David William Jordan

Attorney & Counselor at Law

Starting Your Own Business


For More Information

Send a request at Contact Us
Call (603) 228-1151

Make sure you develop a business plan.  Don't wing it.  Write out a detailed plan.  You can change it as you go along, but have a written plan.  Think of it as a road map to establish and guide your business.

To prepare a business plan you will have to ask and answer a number of questions including:

  1. What type of business do you want to own?


  2. Will it be retail, service or manufacturing?


  3. Who's the competition?


  4. Is the community large enough to support another similar business?


  5. Where will you locate your business?


  6. Is there a similar business nearby?


  7. What are the community's plans for business growth, such as shopping malls and business park expansion?


  8. Will you be able to find enough qualified people to employ?  NH has one of the lowest unemployment rates in the country.


  9. Will you buy, lease or build space for your business?


  10. How will you identify customers for your product or service?


  11. How will you sell to potential customers or clients?

Be prepared to revise your business plan if the information you gather doesn't add up to a strong possibility of success.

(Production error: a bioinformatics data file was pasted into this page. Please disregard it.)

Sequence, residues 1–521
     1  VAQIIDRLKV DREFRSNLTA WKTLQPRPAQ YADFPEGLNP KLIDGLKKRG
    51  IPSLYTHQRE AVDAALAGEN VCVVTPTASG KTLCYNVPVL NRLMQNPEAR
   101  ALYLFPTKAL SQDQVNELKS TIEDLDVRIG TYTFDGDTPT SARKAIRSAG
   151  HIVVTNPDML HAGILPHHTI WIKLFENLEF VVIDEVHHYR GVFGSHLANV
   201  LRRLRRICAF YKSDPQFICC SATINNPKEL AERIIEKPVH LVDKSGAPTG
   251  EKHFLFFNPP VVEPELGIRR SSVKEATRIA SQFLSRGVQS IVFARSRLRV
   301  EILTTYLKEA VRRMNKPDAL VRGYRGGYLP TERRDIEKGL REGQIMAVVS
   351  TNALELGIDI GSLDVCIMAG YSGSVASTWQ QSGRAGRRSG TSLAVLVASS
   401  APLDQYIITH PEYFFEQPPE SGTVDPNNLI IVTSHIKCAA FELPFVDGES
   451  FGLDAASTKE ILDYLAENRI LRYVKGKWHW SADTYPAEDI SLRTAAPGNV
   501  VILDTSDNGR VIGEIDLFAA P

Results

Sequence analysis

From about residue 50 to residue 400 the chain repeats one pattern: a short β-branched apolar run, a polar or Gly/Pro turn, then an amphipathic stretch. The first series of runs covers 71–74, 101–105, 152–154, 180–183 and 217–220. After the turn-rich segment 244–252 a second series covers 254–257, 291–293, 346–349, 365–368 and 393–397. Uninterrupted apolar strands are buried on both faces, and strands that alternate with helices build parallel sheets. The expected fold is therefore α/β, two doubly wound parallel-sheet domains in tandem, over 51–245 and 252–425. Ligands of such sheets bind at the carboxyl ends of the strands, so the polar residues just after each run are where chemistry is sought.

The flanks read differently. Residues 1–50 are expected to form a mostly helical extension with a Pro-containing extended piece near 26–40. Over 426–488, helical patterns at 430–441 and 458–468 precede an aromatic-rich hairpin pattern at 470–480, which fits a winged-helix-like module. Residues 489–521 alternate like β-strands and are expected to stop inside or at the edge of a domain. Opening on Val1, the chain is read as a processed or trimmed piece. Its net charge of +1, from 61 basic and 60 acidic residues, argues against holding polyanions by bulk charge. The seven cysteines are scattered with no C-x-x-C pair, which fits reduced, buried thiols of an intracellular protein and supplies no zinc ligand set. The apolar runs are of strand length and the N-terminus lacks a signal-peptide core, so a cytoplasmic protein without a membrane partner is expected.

Have Enough Capital — Enough Money

The most common reason for failure is not having enough money to start and run your business until you are able to establish yourself.  Unless you are independently wealthy, you will have to borrow some money and most likely invest some of your own money.  Putting your funds into a business venture helps prove your commitment to potential investors or other sources of financing.

Banks, the Small Business Administration (SBA) and private individuals are possible sources of money.  Be aware that many banks avoid new business loans as being too risky even when money is not tight.  The SBA is usually eager to help new enterprises, but competition is keen for the SBA's limited loan guaranty support.

Before applying for financing, you need to carefully prepare a thorough, well-thought-out loan proposal.  Write up detailed figures on the capital needed, and be sure to include a salary for yourself and sufficient funds to cover start-up costs.  A bank or SBA representative will review your business plan to be sure it's solid.  Once you obtain a loan, you'll probably have to provide updated financial statements on a regular basis.  As long as your business is profitable and you're making loan payments on time, you'll probably have minimum contact with the bank or SBA.

You may consider seeking private investors including friends and relatives but keep in mind, however, that these people may, understandably, expect to have a say in how the business is run.

Legal Formations

For tax and legal reasons, you'll need to decide what form your business will take.  Generally, all businesses fall into one of these broad categories: sole proprietorship, partnership, corporation, S corporation and limited liability corporation.  Your choice of business form will affect your exposure to personal liability, how you draw profits and pay taxes and your ability to raise capital.

A Sole Proprietorship is the quickest, easiest way to start a business.  In a sole proprietorship, profits and losses are simply included on your individual tax returns.  On the downside, if someone sues your business, they may be able to sue you personally, and your personal assets are subject to those claims.